Whisking away winter in San Francisco with a thorough home cleaning is a time-honored tradition, so why nix an idea that works? Spring cleaning is, after all, a wonderful way to ferret out those lingering needles from the Christmas tree and the dust bunnies that have been mating under your bed. This year, though, try getting clean by thinking green: reduce, reuse, and recycle–all of which allow for a sparkling house and a smidgen of moral superiority as well. San Francisco is one of the most eco-friendly cities in the country, making spring cleaning in an environmentally-friendly way a snap.
The Arc of San Francisco
1500 Howard Street
San Francisco, CA 94103
Hours: Mon to Fri — 9 a.m. to 5 p.m.
Say hello to spring by improving the community while you declutter your house. Two worthy accomplishments can be achieved in one fell swoop by donating your unwanted items to The Arc. This nonprofit agency serves adults with autism, down syndrome, cerebral palsy and intellectual and developmental disabilities. The Arc accepts furniture, household items, clothing and more, and will even send a truck to your house for pick up. To drop off your items, go to ThriftTown at 2101 Mission Street at 17th and be sure to specify that the contribution is for The Arc of San Francisco.
1414 Van Ness
San Francisco, CA 94109
Hours: Mon to Fri — 10:30 a.m. – 6:30 p.m.; Sat — 10 a.m. to 6 p.m.; Sun — noon to 6 p.m.
We know your dirty little secret: You can’t bear to give away a treasure that was once indispensable to your lifestyle, even though now it contributes nothing but layers of dust. Yes, we mean that unused china set, or maybe that ’50s-style coffee table you bought during your retro phase. This gem of a consignment store will sell your unused items–furniture, artwork, china, and the like–and split the proceeds. Don’t think of it as deserting your past. Think of it as providing a new life to once-beloved items (and potentially giving yourself a new 3D-HDTV.)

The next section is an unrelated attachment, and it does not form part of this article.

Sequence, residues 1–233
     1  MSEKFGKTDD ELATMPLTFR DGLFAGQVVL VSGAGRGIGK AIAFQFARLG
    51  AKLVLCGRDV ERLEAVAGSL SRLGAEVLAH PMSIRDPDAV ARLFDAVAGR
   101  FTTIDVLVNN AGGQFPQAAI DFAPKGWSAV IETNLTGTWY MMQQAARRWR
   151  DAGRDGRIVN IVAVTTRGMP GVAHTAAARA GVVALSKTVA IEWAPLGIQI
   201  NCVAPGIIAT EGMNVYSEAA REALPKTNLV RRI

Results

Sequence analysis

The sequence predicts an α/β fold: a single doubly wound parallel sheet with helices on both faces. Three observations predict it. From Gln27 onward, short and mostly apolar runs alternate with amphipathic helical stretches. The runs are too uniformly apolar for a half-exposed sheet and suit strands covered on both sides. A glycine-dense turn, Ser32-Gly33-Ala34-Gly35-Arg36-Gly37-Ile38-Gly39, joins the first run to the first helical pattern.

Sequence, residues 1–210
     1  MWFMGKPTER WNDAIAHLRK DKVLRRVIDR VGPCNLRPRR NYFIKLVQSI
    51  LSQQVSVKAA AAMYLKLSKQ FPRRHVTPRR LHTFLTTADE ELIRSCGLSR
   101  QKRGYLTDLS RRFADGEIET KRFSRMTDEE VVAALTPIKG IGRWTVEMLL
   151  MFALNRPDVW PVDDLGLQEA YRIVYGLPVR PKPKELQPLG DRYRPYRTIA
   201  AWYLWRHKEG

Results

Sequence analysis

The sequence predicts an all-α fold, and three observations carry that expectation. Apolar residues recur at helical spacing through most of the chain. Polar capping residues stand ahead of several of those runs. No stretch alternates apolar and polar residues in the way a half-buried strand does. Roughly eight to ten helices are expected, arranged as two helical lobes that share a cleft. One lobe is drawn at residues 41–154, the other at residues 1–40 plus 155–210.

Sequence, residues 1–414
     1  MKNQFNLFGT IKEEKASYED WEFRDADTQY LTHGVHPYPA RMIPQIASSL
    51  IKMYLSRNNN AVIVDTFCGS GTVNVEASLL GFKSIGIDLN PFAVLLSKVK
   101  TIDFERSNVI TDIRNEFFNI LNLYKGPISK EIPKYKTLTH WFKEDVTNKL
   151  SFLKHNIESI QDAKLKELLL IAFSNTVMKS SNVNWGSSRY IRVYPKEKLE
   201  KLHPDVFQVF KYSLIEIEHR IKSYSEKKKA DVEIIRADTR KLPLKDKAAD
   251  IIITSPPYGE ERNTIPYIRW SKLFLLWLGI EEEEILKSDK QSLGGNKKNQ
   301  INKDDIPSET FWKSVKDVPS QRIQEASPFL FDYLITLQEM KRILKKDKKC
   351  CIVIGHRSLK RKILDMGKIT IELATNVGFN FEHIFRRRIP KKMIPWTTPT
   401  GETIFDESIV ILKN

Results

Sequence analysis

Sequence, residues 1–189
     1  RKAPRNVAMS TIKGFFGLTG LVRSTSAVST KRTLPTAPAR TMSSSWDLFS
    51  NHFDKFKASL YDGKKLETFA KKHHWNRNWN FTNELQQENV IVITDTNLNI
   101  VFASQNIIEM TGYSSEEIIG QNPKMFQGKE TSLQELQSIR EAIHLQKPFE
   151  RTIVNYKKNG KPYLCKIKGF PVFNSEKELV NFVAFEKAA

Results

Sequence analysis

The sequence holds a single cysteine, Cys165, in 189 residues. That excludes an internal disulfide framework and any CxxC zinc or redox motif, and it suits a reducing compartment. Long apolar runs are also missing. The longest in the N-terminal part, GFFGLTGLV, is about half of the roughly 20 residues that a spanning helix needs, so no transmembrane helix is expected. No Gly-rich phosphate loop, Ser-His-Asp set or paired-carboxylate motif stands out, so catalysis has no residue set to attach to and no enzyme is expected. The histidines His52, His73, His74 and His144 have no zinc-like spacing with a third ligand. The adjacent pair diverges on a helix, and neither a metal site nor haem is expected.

Zen Home Cleaning
582 Market St – Ste 301
San Francisco, CA 94104
You can poach your neighbor’s maid, scour the ads for a cleaning service or take one look at the subhead on Zen Home Cleaning’s website: Luxury Green Home Therapy Services. That alone is a tipoff that this isn’t a weary washerwoman with a bucket of bleach. If you want to green your home, consider a service that uses 100 percent organics such as Zen, which describes its services as green cleaning, professional organizing, green living consultations, and eco-painting.
SF Approved List
If expending elbow grease to turn a bathtub into a shining basin of beauty provides you with “look at me” pride, use cleansers that are kind to the earth. The City of San Francisco created this web resource of products approved by the City as “green.” Designed for homes and businesses, it recommends everything from eco-friendly keyboard cleaners to home-made products concocted in your kitchen. The site gives criteria for a product to be considered green, provides suggested brands, and offers links to other sites, all to give you a clean house and a cleaner world.
30 Las Colinas Lane (HQ)
San Jose, CA 95119
3100 Alfred Street (donation drop off)
Santa Clara, CA 95054
1(866) 636-6283 (for pickup)
Office Hours: Mon to Fri — 9 .m. to 5 p.m.
If you work in San Francisco, but live in the south Bay or vice versa, consider making HOPE Services the beneficiary of your spring clean up by donating gently used clothes, appliances and other household items. This nonprofit provides services to–and work opportunities for–over 2,500 individuals with developmental disabilities such as autism and down syndrome. HOPE offers a free home pickup service in several cities and has drop off sites from Salinas to Daly City, including many Savers locations.
Related: When the clean up is complete, treat your home to some flowers from one of the Bay Area’s Best Florists.
Marketing communications professional Amy Rabinovitz is a Bay Area writer who has lived in Marin County, San Francisco and now resides in Silicon Valley where, for 15 years, she has been a digital and social media marketer. Her work can be found at Examiner.com.